It may seem like a stretch to say Honda is part of Ohio’s shale-gas boom.
But a close look shows that the automaker is using the steady supply and low price of natural gas to improve its bottom line at plants in Marysville and East Liberty.
Similar stories are taking place across the state, in places and at companies that may seem far removed from the drilling, refining and delivery of oil and gas.
“There is no question that the benefits of shale go far beyond the energy industry,” says Jack Partridge, president of Columbia Gas of Ohio.
The state average gas price has fallen for five years in a row, dropping last year to 45 percent less than it was in 2008, according to the Energy Information Administration.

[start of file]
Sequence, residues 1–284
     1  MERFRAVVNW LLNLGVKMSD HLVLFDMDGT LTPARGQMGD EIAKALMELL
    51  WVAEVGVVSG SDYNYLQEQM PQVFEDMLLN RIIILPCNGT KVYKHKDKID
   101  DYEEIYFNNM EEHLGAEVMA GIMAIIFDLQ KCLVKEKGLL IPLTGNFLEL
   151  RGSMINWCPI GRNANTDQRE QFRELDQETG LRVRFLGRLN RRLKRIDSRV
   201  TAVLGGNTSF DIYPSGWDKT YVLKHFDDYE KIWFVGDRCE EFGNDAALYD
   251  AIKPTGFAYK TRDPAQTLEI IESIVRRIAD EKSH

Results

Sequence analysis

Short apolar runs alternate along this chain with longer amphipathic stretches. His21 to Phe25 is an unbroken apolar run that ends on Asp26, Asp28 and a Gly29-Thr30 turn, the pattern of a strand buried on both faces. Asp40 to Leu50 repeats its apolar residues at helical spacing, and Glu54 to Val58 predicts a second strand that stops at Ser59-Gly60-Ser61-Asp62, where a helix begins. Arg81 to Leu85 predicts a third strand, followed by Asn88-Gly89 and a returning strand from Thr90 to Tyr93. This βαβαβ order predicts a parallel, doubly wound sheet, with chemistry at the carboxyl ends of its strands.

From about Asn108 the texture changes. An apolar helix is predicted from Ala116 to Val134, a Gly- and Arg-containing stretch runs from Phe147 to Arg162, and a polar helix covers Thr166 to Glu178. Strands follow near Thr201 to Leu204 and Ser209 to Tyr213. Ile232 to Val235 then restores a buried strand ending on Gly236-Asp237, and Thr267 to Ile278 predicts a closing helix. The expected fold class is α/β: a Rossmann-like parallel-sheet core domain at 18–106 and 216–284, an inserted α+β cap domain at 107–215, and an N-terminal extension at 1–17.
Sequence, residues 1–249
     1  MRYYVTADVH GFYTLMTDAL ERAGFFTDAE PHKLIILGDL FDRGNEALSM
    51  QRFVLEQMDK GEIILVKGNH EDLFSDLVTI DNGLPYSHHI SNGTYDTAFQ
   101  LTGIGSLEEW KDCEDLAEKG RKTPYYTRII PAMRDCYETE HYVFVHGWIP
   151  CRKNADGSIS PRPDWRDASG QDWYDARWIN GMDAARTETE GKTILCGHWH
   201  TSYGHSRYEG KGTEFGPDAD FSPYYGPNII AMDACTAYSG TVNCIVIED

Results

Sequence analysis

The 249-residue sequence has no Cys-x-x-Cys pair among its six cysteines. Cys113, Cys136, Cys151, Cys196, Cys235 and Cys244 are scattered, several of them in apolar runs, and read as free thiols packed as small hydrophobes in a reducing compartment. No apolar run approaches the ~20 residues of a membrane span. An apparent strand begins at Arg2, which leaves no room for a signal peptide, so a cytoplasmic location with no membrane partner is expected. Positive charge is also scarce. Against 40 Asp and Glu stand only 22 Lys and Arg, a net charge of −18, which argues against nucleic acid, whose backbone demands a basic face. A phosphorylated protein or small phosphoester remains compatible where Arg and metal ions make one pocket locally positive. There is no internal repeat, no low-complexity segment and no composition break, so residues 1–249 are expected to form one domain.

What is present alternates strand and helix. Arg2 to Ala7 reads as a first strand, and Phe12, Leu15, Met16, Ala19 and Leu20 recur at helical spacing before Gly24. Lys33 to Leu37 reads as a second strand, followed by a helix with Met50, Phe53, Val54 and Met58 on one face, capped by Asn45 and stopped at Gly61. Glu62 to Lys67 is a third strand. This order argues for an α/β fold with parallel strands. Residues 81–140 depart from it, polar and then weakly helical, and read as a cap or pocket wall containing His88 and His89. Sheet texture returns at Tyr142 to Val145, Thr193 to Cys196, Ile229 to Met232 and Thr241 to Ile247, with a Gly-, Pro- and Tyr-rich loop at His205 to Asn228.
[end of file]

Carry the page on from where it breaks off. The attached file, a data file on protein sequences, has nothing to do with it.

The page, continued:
The price cut is a simple matter of supply and demand. Supply is way up, thanks to a flood of gas from domestic shale formations, and demand has been slow to recover from the economic downturn.
In addition, the price of natural gas is a key variable in the wholesale price of electricity. Electricity prices have fallen in recent years across most of Ohio, although not nearly as much as gas prices.Read more by clicking here.
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